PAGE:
One of the more unlikely films competing in this weekend's Oscars is a fascinating story about a wild beekeeper in the Balkans. Honeyland has a strong ecological message, but it's the life story of the woman at the centre of the film that has struck a chord around the world.
Honeyland is the first film to compete for both the best documentary award and best international feature film. The documentary's success is even more remarkable because it started almost accidentally.
North Macedonian directors Tamara Kotevska and Ljubo Stefanov were researching in a remote mountainous area of the country for a short nature documentary. They noticed beehives behind a rock on the mountain where they were filming. This led them to one of Europe's last wild beekeepers, Hatidze Muratova, who uses ancient methods passed down through the generations for harvesting wild honey.
This was the beginning of a "crazy adventure" of three years, filming through scorching summers and freezing winters. After another year editing, their first feature film was born.
Honeyland chronicles a period of Muratova's life when her ancient methods of beekeeping came up against, and conflicted with, those of a newcomer to her remote home region of North Macedonia.
The directors say the film profoundly changed their lives. Honeyland has much to say about conserving nature, but its lessons are also about human life and relationships.
Sharing to survive
"Half for me and half for you" is Muratova's mantra, which she repeats as she tends to the bees on the mountain. But it's a message which is in danger of being lost in the modern world.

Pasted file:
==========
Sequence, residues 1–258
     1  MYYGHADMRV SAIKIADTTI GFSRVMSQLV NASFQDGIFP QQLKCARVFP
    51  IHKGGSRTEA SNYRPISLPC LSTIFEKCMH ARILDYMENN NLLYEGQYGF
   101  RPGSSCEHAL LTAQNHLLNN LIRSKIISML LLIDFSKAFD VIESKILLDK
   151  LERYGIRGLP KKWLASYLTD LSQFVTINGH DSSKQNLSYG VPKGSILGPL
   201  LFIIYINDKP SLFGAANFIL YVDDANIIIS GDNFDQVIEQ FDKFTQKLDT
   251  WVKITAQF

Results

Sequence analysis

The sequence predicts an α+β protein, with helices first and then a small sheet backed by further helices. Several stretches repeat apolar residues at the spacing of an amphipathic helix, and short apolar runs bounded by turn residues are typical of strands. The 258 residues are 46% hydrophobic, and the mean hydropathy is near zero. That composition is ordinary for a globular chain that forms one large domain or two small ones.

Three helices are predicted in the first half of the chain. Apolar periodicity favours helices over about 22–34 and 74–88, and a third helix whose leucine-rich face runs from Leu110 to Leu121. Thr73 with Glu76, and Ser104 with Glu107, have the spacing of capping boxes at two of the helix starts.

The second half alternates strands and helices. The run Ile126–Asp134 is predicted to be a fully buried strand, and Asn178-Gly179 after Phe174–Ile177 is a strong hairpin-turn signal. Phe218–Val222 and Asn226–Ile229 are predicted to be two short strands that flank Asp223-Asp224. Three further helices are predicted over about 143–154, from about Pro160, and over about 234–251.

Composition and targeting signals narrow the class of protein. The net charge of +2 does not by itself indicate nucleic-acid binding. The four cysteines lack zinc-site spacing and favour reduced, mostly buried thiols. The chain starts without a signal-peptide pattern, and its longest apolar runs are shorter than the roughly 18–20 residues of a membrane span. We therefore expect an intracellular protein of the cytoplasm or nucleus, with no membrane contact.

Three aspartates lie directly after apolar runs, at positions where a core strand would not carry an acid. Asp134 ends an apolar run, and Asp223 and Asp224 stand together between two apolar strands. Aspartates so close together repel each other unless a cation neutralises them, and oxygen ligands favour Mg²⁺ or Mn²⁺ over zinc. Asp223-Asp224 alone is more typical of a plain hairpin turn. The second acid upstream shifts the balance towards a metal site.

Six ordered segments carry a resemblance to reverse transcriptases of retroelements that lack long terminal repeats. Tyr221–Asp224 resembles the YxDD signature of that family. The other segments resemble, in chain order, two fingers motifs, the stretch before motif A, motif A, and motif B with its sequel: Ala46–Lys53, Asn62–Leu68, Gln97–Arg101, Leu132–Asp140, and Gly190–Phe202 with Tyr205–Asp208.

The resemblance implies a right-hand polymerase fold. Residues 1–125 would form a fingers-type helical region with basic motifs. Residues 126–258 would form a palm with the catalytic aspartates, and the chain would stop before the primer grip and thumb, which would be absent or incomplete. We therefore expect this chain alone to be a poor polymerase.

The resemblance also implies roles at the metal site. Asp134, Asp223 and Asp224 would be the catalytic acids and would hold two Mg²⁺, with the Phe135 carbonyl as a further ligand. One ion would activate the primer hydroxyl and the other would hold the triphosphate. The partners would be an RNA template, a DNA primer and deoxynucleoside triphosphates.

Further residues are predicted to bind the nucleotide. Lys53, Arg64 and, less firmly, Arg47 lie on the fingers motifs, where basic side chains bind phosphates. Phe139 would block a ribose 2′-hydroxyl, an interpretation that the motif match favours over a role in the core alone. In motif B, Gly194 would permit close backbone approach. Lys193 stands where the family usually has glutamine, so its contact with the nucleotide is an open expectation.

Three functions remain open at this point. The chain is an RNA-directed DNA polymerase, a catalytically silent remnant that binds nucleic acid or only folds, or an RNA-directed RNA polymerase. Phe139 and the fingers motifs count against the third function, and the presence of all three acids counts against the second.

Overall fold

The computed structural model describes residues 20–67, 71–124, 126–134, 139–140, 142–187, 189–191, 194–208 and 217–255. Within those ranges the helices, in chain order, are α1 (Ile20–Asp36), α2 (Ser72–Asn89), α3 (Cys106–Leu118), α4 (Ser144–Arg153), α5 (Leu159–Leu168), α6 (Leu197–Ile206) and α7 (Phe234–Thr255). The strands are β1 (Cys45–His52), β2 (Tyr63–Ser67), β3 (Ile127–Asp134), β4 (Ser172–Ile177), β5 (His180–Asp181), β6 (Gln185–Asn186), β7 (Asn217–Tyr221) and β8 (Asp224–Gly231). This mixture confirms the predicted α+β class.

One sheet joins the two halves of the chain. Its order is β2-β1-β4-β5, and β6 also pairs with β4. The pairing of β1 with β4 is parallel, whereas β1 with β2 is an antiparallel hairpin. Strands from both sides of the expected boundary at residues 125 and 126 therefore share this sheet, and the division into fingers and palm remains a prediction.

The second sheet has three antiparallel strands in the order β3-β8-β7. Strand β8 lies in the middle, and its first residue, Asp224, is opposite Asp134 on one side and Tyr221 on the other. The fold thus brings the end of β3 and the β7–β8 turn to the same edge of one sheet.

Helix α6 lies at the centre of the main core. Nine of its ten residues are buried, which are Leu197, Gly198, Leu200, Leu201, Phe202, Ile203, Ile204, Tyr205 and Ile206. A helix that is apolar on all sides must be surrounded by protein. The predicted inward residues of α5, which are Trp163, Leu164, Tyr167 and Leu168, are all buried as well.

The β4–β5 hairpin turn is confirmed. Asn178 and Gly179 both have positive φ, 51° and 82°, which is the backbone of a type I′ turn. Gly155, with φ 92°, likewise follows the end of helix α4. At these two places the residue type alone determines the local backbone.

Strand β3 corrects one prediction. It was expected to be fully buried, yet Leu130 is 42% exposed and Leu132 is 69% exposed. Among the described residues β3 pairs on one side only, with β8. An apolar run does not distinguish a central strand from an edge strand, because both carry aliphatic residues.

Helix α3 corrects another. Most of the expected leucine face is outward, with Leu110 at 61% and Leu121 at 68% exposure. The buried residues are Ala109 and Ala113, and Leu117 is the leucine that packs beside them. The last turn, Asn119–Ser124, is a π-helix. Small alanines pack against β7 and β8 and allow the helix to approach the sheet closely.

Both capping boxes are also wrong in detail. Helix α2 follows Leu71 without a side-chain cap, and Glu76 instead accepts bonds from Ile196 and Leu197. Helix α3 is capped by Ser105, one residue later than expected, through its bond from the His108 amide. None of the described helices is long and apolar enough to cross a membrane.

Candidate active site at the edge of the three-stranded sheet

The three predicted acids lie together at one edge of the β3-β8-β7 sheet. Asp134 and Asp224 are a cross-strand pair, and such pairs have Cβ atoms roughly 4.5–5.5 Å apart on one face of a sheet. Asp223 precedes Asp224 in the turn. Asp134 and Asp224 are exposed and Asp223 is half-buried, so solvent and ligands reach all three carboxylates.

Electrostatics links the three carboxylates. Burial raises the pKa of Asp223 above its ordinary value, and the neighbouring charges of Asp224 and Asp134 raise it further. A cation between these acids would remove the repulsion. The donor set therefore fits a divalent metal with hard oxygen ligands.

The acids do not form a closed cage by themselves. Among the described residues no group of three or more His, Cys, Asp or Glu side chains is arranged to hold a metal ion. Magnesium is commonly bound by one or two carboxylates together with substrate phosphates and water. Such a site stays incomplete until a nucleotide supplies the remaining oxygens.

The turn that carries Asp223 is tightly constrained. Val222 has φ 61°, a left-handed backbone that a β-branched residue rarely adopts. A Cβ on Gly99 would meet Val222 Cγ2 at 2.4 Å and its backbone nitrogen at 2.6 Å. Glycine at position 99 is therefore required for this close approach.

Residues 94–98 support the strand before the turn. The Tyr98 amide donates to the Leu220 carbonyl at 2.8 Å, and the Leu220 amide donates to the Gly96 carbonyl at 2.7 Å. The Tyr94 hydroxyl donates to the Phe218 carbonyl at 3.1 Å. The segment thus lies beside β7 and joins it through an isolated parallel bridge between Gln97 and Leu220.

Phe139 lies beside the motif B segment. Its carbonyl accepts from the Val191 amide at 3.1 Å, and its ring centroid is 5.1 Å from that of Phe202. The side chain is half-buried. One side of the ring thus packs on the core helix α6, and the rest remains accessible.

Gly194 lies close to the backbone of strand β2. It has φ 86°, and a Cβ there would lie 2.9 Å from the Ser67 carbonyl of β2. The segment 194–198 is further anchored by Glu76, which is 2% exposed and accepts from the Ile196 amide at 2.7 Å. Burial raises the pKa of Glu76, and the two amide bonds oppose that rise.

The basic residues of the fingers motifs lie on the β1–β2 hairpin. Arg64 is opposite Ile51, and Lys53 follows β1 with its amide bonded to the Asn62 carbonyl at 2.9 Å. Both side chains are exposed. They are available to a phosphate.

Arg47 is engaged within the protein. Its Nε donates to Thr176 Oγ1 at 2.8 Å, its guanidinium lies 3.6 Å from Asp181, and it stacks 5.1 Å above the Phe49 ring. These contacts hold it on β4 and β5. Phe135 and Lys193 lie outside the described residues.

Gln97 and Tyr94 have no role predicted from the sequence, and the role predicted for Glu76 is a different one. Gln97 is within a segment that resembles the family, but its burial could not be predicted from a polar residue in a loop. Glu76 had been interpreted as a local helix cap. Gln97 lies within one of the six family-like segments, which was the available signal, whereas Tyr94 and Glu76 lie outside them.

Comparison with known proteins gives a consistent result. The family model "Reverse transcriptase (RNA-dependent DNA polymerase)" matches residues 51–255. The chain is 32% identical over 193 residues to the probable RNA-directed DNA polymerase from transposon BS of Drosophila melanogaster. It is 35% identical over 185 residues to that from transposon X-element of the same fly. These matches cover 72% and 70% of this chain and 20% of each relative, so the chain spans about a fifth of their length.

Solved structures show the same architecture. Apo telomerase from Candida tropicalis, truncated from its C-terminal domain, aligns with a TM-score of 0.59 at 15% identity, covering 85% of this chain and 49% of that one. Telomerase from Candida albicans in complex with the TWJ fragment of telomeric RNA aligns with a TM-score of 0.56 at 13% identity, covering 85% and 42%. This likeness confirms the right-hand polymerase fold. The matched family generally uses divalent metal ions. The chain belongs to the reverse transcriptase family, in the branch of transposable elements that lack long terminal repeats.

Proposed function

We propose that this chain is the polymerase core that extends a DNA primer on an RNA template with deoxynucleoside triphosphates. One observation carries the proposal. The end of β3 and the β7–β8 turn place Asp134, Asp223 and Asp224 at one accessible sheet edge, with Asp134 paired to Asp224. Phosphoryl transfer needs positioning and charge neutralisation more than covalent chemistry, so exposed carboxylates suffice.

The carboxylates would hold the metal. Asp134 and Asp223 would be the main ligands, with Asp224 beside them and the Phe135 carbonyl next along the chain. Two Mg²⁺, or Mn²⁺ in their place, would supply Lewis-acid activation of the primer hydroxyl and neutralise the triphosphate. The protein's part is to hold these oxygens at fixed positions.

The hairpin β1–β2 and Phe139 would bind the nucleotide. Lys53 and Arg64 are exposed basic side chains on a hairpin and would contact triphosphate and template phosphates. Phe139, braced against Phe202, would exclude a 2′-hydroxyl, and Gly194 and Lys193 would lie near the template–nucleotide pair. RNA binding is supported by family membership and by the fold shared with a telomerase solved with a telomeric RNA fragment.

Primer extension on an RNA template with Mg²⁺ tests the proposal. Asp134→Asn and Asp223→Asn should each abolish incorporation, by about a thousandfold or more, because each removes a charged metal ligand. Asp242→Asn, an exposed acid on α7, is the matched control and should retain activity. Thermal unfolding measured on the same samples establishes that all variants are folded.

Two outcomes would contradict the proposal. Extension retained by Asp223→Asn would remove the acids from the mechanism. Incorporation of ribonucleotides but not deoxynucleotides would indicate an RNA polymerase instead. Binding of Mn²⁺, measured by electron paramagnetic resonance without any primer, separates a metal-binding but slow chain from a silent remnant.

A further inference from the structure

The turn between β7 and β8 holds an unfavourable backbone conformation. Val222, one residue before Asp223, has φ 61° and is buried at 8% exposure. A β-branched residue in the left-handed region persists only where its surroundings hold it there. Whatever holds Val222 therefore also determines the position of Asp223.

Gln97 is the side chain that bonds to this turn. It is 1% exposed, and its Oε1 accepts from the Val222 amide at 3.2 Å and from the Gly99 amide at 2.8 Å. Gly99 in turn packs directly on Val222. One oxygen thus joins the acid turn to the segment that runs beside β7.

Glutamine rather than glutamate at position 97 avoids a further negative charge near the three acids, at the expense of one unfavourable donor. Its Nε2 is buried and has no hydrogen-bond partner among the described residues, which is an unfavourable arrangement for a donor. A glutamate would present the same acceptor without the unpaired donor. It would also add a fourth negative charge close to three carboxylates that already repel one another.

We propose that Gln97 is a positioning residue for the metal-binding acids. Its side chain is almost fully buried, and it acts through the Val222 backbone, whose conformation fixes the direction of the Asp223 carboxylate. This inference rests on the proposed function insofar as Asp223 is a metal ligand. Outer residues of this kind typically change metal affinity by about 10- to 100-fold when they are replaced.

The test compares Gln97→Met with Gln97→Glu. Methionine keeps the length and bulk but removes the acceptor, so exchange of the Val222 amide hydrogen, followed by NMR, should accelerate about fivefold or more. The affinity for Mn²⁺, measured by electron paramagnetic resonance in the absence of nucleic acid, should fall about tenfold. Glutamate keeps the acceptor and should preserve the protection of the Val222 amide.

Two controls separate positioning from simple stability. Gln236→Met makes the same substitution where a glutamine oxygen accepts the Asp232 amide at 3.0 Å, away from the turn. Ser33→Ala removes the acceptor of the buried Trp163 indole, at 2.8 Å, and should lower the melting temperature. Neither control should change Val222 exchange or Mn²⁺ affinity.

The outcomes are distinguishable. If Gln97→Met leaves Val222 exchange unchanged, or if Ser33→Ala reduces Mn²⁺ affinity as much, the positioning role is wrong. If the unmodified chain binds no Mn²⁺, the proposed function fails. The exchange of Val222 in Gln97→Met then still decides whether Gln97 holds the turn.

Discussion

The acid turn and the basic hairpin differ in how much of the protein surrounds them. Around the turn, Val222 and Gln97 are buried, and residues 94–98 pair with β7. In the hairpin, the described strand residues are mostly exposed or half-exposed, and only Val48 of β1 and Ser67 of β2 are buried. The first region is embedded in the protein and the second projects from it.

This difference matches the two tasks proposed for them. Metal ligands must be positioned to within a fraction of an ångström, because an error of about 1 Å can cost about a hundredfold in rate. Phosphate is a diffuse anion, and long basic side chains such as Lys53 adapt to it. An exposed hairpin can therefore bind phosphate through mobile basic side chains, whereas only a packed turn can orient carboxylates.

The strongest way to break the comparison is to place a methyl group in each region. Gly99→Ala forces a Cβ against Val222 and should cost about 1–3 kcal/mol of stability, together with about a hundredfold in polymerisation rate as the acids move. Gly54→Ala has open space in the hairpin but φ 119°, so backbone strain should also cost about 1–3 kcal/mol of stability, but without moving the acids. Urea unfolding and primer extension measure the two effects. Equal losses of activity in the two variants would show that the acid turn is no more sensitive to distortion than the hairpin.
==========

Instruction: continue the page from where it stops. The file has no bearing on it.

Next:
Muratova lives in Bekirlija, an abandoned village with no electricity, running water or roads, where she looks after her ailing mother.
The honey she sells at the market in the capital Skopje is her sole source of income. She takes only half of the honey, leaving the rest for the bees.
She lives by that simple principle. "Sharing with bees and with nature is the key to her survival," says Stefanov.
But her quiet existence is fundamentally changed when the nomadic Sam family, consisting of parents with seven unruly children, a noisy vehicle and a large herd of cattle, moves into the village.
When the Sam family arrives, she welcomes them with an open heart, and teaches them how to harvest the wild honey.
However, Hussein, the father of the family, wants to harvest honey on a larger scale and for more profit. He takes all the honey from his own hives, but his bees respond to this by attacking Muratova's hives, leading to their destruction, and a conflict between the human neighbours.
Kotevska says that the directors do not want to portray the Sam family as symbols of destruction, but merely as "the mirror to all of us who make bad decisions", based on the need to survive and provide.
Wisdom can be more powerful than force
"To be able to communicate with bees you need to have a personal strength to approach them, patience to learn how to tame them, and this way of life requires not force but wisdom," says Kotevska.
She says that beekeeping has made Muratova such a remarkable person.
Muratova gets very close to the bees, often using no protection. She does not get stung, the bees seem to trust her.
"Everything we've heard from [Muratova] refers to bees. She has been working with the bees all her life and everything she has learned, she learned from them."
The directors say that wild beekeeping was something that only a few people in the region learned how to do. It was never the main source of income for the villagers, but the families passed it down through generations.
In Muratova's family, learning the skill skipped a generation - she learned it as a girl from her grandfather, rather than her parents.
You can be alone but not lonely
"[Muratova] acts with the bees as if they were her family and she takes care of them as if they were her children," says Kotevska. "And through that, even though her life is very harsh, [she] doesn't feel lonely."